A Comprehensive Look at the Love Between Luz and Amity on The Owl House
It goes without saying, but LGBTQ+ prevalence in cartoons has come a long way in the last decade or so. I can still remember how people saw Korra and Asami’s relationship as a watershed moment in kid’s cartoons. Since then, LGBTQ+ couples have become more and more commonplace. Which is good, as it lets kids know at a young age that it’s okay to have these kinds of relationships. However, the House of Mouse has been slower to accept this change. Yes, it had same-sex couples in shows like Star vs. and DuckTales, but never a lead character. All of that changed, though, when along came The Owl House and the ship known as Lumity.
For those who don’t know, Lumity’s the couple name for the main heroine, Luz Noceda, and her one-time antagonist turned friend, Amity Blight. The two have gone from being on bad terms to friends to lovers during the show’s run, and the fans have just eaten it up. It’s easily one of the sweetest ships I’ve ever seen! But Lumity just doesn’t work because it’s LGBTQ. It also works because it shows kids what a healthy relationship looks like, and how it can change both people for the better. Today, in honor of Lumity, we’re going to take a look at their relationship and just why it’s so great.
Luz Noceda and Amity Blight first encounter each other back in the series third episode, “I Was a Teenage Abomination.” In her first appearance, Amity comes off as your stereotypical school bully. She’s one of the best students at her magic school, causing her to look down on others and act condescending to them. After seeing her bully another student, Luz decides to put Amity in her place by posing as that student’s project. When it works, Amity goes ballistic at having her top spot taken and almost gets Luz dissected. Thankfully, it doesn’t happen, but the whole situation leaves Amity humiliated.
It would’ve been easy to have this be the start to an antagonistic relationship between these two girls. However, rather than be Luz’s rival, the show uses the following episodes to reveal more to Amity than meets the eye.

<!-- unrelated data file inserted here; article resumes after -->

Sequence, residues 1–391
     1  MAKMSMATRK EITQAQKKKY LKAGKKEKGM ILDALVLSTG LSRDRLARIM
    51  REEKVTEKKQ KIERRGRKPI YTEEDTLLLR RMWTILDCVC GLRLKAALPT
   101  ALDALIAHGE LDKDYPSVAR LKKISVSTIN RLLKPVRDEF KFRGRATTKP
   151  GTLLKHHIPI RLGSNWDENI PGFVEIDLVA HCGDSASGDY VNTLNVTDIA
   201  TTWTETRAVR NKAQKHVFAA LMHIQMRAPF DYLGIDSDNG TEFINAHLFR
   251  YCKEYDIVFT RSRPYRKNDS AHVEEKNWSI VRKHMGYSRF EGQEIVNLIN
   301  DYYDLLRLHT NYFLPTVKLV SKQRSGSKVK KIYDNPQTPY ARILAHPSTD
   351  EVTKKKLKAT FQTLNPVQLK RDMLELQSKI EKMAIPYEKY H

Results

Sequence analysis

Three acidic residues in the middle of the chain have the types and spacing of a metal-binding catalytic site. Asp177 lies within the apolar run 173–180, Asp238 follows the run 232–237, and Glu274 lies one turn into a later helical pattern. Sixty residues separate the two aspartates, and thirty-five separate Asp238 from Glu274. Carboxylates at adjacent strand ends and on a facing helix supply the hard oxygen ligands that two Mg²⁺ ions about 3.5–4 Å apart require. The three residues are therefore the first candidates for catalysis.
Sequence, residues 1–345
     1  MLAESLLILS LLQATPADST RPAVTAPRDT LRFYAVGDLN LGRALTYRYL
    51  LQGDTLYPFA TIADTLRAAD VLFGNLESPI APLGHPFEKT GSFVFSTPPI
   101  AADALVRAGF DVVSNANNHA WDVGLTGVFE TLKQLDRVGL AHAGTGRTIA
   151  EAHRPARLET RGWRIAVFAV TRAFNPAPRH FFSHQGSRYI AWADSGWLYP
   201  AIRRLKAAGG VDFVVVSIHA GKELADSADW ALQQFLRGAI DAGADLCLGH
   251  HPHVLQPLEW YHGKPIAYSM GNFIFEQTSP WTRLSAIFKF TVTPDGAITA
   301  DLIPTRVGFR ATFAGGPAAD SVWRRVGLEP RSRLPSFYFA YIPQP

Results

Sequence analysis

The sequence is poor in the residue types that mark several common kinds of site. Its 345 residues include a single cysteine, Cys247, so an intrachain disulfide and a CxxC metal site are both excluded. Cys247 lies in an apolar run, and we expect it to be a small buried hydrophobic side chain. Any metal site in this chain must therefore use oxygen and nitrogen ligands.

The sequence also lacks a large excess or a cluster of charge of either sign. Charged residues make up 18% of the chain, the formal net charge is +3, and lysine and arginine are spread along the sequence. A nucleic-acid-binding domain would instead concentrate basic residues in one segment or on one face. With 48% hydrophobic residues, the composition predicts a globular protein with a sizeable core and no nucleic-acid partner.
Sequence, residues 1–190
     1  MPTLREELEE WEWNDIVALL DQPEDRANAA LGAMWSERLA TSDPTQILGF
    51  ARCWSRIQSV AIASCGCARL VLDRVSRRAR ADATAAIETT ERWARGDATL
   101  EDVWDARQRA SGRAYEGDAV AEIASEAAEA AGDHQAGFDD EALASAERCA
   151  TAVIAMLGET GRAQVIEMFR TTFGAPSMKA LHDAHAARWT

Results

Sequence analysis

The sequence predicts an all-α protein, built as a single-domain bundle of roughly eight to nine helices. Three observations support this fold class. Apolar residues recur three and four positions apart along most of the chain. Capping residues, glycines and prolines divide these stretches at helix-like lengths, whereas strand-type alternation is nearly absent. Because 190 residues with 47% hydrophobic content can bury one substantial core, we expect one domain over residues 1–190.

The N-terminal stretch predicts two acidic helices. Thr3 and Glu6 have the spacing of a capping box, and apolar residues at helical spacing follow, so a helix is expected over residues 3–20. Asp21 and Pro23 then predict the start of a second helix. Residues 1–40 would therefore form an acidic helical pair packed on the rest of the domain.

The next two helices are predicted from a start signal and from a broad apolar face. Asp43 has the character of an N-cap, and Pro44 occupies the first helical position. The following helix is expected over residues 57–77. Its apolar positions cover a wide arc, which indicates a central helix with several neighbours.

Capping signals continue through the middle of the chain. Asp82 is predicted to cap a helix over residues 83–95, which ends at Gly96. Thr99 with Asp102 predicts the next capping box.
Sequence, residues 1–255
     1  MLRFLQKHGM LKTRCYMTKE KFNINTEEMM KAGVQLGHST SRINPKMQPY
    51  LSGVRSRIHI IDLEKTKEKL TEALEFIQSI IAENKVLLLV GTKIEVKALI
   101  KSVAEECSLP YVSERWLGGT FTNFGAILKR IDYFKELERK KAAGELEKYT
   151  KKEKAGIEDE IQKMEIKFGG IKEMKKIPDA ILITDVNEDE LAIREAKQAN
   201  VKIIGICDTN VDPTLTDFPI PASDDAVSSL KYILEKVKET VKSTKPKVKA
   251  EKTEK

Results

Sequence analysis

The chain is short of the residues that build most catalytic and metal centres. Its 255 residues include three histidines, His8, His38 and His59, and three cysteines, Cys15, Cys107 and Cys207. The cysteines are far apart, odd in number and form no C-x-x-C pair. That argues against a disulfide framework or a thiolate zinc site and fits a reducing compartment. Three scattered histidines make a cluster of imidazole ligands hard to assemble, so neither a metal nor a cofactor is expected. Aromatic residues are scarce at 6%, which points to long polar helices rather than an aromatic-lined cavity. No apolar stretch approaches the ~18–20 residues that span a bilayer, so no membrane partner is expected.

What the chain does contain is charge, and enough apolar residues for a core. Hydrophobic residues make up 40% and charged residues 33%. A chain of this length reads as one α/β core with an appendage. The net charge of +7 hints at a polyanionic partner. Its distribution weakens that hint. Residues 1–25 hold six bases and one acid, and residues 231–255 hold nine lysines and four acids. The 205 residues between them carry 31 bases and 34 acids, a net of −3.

Amity’s Abusive Background
Despite coming from a wealthy family and being talented in school and with magic, Amity Blight has some deep-seated issues. Everyone’s expectations of her push her to be the best while being a detriment to her self-esteem. In addition, her life at home is no better, with her parents being very emotionally abusive. They blackmail into end her friendship with people she cares about and force her to befriend mean girls simply because their parents work with them. Worse, her Mom even forces her to dye her hair green like hers. In other words, her parents see her as less of a person and more of an extension of themselves.
As a result of this trauma, Amity developed a very cynical outlook on the world, often assuming the worst of people. This, in turn, leads her to view Luz’s mistakes or attempts to befriend her as more humifaction.
Luz, the Energetic But Misunderstood Weird Kid
On the other end of the spectrum, we have main heroine, Luz Noceda. She’s a human who found her way onto the Boiling Isles by complete accident; someone who shouldn’t fit in there. Yet the pilot episode makes it clear that she doesn’t fit in on Earth, either. Her energetic and quirky behavior alienates her at school and gets her in trouble with the teachers. It got to the point where her Mom chose to send her to a summer camp to teach her how to be normal, which led to her ending up on the Boiling Isles instead. Despite being human, Luz fits in better there than she ever did back on Earth.
Despite remaining happy and energetic on the surface, the show makes it clear that Luz wants people to love her for who she is. And during her time on the Boiling Isles, she makes great headway, making numerous friends who appreciate her for her weirdness. Yet it’s her relationship with Amity that has the most impact.
The Turning Point in Lumity
After Luz manages to clear up the initial misunderstandings between her and Amity, the two start to become friends with each other. Luz, through simply being herself, helps Amity come out of her shell and learn to be true to herself, despite everyone’s expectations. Once Luz manages to enroll in Hexside, their relationship grows even stronger.